An Interview with Leslie Moody And Mitch Ackerman, Owners
Local Hero: Innovator
Photos by Stephanie Cameron
Blue corn crepe filled with prosciutto and gruyère, topped with egg and red chile.
Rancho Gallina is a proudly green inn and retreat center just off the Turquoise Trail, providing farm-fresh food in a relaxing and authentic rural setting just minutes from Santa Fe, Cerrillos, and Madrid. Leslie Moody and Mitch Ackerman are the inn’s proprietors, ranch hands, cooks, and chicken whisperers.
How did you get to where you are now? What’s the backstory, and what was the moment that brought you to your current work?
We met as union organizers in Denver in the mid-nineties. It was intense work in a then very conservative state. We were both elected to leadership positions young, and together helped shift the political climate in the state and raise the standard of living for thousands of Coloradans. We built a close-knit community around our home and family, hosting countless happy hours, working dinners, and traveling colleagues. Food and drink was always a critical part of building our movement, and key to maintaining our health, family, and sanity while working incredibly stressful jobs.
By 2012, we had been “promoted” to roles in Washington, DC, our kids had grown, and we were in dire need of a change. One night after hosting an elaborate dinner party, a dear friend pulled us aside and said, “You guys, this is your secret superpower!” We laughed, but when we later took stock of what we were good at and what excited us, we came up with a few shared loves: food, cooking, people, travel, social justice, and the Southwest (New Mexico was our go-to getaway from Denver).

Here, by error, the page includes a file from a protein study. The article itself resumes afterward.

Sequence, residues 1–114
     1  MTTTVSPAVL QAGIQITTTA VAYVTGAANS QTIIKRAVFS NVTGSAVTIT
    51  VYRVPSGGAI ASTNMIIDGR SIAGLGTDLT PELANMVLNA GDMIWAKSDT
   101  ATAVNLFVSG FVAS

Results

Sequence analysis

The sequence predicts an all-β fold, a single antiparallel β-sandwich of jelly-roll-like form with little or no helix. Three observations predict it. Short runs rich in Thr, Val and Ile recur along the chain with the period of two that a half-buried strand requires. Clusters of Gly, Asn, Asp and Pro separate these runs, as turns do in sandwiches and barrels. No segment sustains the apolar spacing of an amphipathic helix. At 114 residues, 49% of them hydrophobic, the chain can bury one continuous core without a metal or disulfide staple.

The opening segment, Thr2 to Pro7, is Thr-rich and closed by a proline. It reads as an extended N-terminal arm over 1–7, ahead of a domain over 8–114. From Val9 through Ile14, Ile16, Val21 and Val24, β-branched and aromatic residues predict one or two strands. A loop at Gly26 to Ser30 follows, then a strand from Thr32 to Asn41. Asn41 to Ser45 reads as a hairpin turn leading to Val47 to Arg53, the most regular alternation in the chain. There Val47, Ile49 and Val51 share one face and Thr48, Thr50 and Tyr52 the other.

We were lucky to find a great spot with a rich history stretching from the San Marcos Pueblo to artists and horse breeders. After lots of work and digging deep into our savings, we launched Rancho Gallina in 2014. We welcome travelers from all walks of life, but our history allows us to regularly host those who organize for positive change, both for group retreats or a well-earned break.
Tell us a bit about how Rancho Gallina engages in environmentally friendly business practices.
It’s core to our DNA. We undertook the renovation of an old, sprawling property, built by ranchers and artists, with the aim of minimizing our carbon footprint and honoring the high-desert landscape.
We installed fifty-four solar panels, three geothermal heating/cooling systems, rain catchment, greywater, water-saving everything, LED and solar lighting, and electric car chargers. We conserve, reuse, recycle, and compost. We even haul buckets of wash water out to the yard all summer. We’ve built relationships with local organic farmers. And of course there’s the gallinas––our chickens are the stars of our breakfast crew and composting program.
What is a local food issue that is important to you? Why?
Access to clean water and affordable farmland is critical to our culture and our local food supply. The changing climate will present tremendous challenges that the next generation of farmers must confront to maintain our amazing local food tradition.